Should you buy a used electric car?

With more coming onto the used market, is now the time to go electric?

The used market for electric cars is pretty attractive. If you’re buying. If you’re selling then it can be a distressing experience as the initial depreciation on many electric cars is proving very high [Fuel Included Editor’s Note: of course with a PCP lease, you get a guaranteed final value and so are protected from unexpected depreciation]. The market seems to feel concerned that technology is moving so fast that an electric car even a few years old may be ‘old tech’ fairly soon, and that is reflected in the prices. Which, if you’re buying and you understand the market, can be very good news indeed.

For example, you can pick up a used Nissan Leaf for under £6000 these days. A car like that will give you free access to London and other zero-emission zones, will cost very little to keep powered up, will be cheap to tax and doesn’t cause pollution – at the tailpipe.

Of course there are things to watch out for. Older cars will almost certainly have less range, so range anxiety really is a thing. And the other anxiety thing is the battery. Will it last? Is it included in the price or is it leased? These are vital questions.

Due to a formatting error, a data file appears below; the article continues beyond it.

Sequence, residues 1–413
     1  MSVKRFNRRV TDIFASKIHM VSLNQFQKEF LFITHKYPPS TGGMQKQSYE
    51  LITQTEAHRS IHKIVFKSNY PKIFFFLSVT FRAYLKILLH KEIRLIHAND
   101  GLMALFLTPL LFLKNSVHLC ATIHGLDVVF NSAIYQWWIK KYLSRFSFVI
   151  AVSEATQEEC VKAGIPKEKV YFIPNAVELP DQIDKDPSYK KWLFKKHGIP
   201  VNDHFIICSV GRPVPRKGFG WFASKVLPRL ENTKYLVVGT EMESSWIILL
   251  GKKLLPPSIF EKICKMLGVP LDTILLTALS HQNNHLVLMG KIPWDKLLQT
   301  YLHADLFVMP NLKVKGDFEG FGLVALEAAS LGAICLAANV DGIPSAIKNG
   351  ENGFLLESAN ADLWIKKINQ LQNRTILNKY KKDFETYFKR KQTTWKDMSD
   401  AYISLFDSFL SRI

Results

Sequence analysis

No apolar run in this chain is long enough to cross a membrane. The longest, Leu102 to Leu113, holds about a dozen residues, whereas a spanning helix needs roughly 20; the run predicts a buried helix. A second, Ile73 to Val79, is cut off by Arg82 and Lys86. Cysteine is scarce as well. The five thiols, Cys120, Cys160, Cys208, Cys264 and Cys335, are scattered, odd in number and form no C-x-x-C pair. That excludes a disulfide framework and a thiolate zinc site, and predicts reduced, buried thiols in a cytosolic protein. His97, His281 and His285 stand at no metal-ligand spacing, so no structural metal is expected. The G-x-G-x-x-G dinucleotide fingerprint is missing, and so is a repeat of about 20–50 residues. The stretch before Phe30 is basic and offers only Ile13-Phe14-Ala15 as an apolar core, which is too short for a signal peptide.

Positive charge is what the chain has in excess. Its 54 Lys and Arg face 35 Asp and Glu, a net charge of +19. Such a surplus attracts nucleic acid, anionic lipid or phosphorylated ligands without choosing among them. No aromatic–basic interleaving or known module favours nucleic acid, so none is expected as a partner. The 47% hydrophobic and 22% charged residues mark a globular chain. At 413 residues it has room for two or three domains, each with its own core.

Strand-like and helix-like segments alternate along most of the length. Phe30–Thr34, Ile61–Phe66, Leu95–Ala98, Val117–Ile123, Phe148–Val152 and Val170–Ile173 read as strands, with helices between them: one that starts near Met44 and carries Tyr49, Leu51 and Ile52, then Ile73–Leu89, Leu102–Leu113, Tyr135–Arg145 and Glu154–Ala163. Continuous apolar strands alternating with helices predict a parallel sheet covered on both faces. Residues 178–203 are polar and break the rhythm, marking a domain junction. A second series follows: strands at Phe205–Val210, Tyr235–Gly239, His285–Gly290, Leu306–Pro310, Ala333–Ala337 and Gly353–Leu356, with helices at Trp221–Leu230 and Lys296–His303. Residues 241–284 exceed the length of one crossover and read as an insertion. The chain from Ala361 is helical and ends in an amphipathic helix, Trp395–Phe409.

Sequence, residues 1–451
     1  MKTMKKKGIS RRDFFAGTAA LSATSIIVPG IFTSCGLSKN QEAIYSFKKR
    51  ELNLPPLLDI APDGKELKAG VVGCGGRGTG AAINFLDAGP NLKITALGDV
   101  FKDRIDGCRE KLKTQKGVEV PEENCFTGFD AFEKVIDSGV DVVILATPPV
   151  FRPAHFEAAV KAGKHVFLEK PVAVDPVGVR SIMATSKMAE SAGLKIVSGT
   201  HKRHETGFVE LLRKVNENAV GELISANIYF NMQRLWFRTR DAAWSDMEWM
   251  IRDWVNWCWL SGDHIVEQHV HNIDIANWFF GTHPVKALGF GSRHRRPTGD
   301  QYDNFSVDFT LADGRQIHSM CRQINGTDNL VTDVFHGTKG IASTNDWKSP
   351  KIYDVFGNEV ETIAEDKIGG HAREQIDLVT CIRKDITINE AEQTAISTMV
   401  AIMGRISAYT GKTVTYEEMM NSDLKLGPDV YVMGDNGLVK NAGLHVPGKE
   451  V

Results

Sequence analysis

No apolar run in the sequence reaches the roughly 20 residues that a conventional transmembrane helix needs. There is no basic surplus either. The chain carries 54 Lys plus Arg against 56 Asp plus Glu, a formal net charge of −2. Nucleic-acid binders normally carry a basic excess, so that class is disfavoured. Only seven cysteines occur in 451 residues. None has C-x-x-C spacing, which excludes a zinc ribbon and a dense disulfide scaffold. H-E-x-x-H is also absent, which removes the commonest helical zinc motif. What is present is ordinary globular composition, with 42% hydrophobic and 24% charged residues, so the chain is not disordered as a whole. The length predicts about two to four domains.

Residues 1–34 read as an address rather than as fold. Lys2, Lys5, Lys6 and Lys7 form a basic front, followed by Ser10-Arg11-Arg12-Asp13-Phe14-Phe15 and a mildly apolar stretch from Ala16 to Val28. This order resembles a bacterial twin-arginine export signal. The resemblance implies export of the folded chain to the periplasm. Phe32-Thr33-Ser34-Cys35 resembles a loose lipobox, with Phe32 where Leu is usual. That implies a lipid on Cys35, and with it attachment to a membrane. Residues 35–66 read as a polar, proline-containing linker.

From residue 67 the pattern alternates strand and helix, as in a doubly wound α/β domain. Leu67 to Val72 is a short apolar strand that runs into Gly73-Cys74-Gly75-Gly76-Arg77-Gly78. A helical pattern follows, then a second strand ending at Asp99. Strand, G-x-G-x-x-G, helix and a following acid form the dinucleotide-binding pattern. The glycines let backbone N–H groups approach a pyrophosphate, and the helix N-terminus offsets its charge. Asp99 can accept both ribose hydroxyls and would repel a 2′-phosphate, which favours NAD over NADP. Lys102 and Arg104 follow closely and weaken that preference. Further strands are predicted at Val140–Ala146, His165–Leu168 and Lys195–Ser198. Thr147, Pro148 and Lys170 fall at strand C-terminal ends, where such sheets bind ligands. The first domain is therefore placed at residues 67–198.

If you buy a more expensive electric car like a Tesla or a BMW i3, then the battery is something you’ve bought along with the rest of the car. Many others are only offered with a leasing deal on the battery, with charge that scale up as mileages mount.

 

 

A Nissan Leaf or a Renault Zoe fall into this group along with many others. Battery lease costs are around £70pcm. And don’t forget you’ll need to add a charger at home. This can be in the £279 to £354 range depending on speed of charge.

So all that is something to factor in while you’re looking at fuelling costs of only about 2p per mile. Maintenance costs can be as little as a quarter what a comparable petrol or diesel car would cost too, so there are definite compensations.

Nissan Leaf

Used prices from: £6000
Real-world range: 60-90 miles
Battery warranty: from 5 years/60,000 miles

The top-selling Leaf can be had with a battery either bought outright or leased for £70pcm with an annual limit of 7500 miles. Later models with 30kWh batteries have a greater range.

BMW i3

Used prices from: £14,000
Real-world range: 80-100 miles
Battery warranty 8 years/100,000 miles

The achingly contemporary looking i3 includes the battery in the price. The looks are backed up by carbonfibre and aluminium, with the battery array low in the floor so it drives well.

Renault Zoe

Used prices from: £5000 (with leased battery)
Real-world range: 70-100 miles
Battery warranty n/a

Second only to the Leaf, the Zoe offers practical space and is a very useful car as well as being quite fun to drive. The leased battery can take a fast charge as another practical bonus.

Read more: Independant

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